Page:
Back in New Jersey, Ms. Greenwood is organizing a Dayenu chapter for her congregation. She said the group seems to be accomplishing its goal of helping Jews organize to fight climate change.

“The support you get from Dayenu seems very significant,” she said. “I have a full-time job. I am not a full-time organizer. I am really encouraged to participate because Dayenu’s national apparatus provides calls for action and scripts to use when calling legislators.”

With the national office guiding the action, “what’s left for our local circle to do is to generate interest and turnout for the events, and to continue to deepen the work the congregation wants to do on climate,” she said.

Ms. Greenwood said that Dayenu’s Jewish lens on fighting global warming appeals to her.

Rabbi Arthur Waskow greets Raymond Kingfisher of the Cheyenne Nation. (Photo by Jamie Henn @JamieClimate)

“There is something powerful about organizing from a Jewish perspective,” she said. “There are so many moral questions about how we’re going to get to climate safety in an equitable way. So much of what we need to do runs counter to business as usual. It’s important to have a moral voice saying that we have to change what we’re doing.”

Meanwhile, Dayenu has recruited Jewish activists who live in the fifth congressional district, which includes parts of Bergen County, to sign a letter calling on their representative, Josh Gottheimer, to “pledge your support for President Biden’s full Build Back Better agenda with big and bold investments in Jewish communal priorities.”

Mr. Gottheimer, a centrist Democrat, has been the lead voice in the House of Representatives seeking to pass a bipartisan infrastructure bill separately from a bill including President Biden’s more expansive agenda.

“We believe that for our district, our state, and our country to thrive, we must not only invest in roads and bridges, but in people: good jobs, affordable housing, healthcare, childcare, education, and more,” the letter drafted by Dayenu says. “And as the devastating impacts of Hurricane Ida on the Fifth District showed, the time is now to address the climate crisis.”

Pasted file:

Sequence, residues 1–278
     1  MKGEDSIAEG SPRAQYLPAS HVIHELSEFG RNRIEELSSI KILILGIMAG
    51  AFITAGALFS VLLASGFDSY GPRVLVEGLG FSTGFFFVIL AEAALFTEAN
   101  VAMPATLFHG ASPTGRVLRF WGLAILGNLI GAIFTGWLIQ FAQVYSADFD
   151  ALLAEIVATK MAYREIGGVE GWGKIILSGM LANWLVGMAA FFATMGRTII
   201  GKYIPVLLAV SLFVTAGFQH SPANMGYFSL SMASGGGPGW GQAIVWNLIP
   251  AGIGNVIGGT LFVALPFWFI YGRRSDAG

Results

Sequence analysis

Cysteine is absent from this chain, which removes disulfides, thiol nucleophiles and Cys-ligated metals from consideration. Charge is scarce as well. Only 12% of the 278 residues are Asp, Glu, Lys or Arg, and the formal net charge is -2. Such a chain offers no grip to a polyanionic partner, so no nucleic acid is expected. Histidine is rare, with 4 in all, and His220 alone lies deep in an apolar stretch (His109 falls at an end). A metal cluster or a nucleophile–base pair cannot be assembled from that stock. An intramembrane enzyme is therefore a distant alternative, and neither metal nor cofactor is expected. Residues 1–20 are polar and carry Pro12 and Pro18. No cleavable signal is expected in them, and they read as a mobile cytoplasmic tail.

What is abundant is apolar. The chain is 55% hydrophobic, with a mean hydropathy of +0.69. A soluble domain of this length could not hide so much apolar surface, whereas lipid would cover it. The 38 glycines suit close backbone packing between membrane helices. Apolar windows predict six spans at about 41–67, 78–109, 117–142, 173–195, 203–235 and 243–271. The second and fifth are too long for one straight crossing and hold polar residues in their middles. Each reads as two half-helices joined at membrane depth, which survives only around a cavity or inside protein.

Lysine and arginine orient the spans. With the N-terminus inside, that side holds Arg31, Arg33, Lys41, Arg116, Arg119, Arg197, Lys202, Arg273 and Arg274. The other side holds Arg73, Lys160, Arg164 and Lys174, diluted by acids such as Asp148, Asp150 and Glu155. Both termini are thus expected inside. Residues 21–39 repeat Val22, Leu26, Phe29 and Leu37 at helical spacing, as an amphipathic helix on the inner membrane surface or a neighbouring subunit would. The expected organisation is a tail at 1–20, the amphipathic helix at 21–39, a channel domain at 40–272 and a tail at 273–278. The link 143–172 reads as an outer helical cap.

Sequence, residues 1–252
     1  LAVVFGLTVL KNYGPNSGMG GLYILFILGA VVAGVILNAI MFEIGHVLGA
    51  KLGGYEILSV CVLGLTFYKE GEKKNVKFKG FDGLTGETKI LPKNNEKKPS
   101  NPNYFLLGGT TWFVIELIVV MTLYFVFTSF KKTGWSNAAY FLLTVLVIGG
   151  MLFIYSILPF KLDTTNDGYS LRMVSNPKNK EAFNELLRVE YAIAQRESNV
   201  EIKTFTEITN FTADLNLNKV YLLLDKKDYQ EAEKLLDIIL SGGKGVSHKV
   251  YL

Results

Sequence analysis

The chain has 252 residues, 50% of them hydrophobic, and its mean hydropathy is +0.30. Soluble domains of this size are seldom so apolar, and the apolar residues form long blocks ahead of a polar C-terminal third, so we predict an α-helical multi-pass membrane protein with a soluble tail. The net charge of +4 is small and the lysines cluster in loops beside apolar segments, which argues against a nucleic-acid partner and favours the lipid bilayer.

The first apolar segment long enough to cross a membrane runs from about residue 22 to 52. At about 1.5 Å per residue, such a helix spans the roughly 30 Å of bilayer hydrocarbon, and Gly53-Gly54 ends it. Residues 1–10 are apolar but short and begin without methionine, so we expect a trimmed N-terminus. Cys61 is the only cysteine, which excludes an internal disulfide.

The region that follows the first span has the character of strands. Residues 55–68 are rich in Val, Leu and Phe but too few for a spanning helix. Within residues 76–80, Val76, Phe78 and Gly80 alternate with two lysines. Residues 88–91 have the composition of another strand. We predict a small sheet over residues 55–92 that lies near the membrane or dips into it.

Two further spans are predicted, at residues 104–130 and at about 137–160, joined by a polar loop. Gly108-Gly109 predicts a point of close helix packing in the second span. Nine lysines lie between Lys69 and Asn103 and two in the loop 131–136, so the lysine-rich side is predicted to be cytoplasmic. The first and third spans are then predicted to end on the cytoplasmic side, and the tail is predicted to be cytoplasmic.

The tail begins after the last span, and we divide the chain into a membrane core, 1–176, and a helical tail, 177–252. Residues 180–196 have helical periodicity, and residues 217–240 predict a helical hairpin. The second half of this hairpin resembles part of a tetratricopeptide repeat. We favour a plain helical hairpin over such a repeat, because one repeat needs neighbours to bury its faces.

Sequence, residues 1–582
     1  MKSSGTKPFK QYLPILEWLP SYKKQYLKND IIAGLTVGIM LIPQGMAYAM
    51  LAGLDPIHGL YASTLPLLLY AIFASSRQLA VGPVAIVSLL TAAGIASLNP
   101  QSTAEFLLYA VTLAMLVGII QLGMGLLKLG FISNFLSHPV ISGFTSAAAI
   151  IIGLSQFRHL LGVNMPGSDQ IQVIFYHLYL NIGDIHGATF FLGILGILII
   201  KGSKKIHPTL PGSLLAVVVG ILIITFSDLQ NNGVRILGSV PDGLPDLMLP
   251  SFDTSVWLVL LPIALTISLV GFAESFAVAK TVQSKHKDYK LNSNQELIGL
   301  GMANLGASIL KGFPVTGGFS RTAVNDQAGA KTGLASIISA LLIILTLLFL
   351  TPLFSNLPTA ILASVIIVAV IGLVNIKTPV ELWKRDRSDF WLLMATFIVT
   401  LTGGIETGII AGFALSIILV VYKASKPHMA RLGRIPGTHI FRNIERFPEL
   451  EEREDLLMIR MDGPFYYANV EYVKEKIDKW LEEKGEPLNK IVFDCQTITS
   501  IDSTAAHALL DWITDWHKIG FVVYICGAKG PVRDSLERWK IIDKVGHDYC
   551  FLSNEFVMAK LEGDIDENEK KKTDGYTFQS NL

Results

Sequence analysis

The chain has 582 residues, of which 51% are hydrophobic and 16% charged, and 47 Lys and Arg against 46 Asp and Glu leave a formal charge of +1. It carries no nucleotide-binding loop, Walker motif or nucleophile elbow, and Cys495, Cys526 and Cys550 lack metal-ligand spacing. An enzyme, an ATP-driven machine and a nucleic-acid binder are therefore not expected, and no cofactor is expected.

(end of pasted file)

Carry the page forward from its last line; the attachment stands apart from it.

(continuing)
Ina Miller Silverstein of Teaneck, co-president of the Bergen County chapter of the National Council of Jewish Women, was among the letter’s 70 signatories.

She heard about the letter from the national office of the National Council of Jewish Women.

“I had never heard of Dayenu,” she said. “I had to look up who they are.”

But signing the letter was easy.

“Certainly climate change is a huge issue for me,” she said. “I have grandchildren.”

Hurricane Ida made the issue feel even more personal for her. “It was so devastating in Englewood,” she said. “People who I know were resettled into hotels and motels.

“To see this devastation was terrible. You see pictures of New Orleans and it’s terrible, but when you know the faces of the people who are moved into motels, you feel so connected.”

Is Dayenu’s activism having an impact on Mr. Gottheimer’s policies?

“It’s hard to say whether this letter alone is having an impact,” Phil Aroneanu, Dayenu’s chief strategy officer, said. “We do know that over the past month or so, the volume of statements he has made on climate has gone up, and his commitment to passing the Build Back Better agenda has come on strong in a way it wasn’t before.

“A month ago he said we should pass the bipartisan infrastructure bill first. He’s not saying that anymore.”

(this story/news/article has not been edited by PostX News staff and is published from a syndicated feed)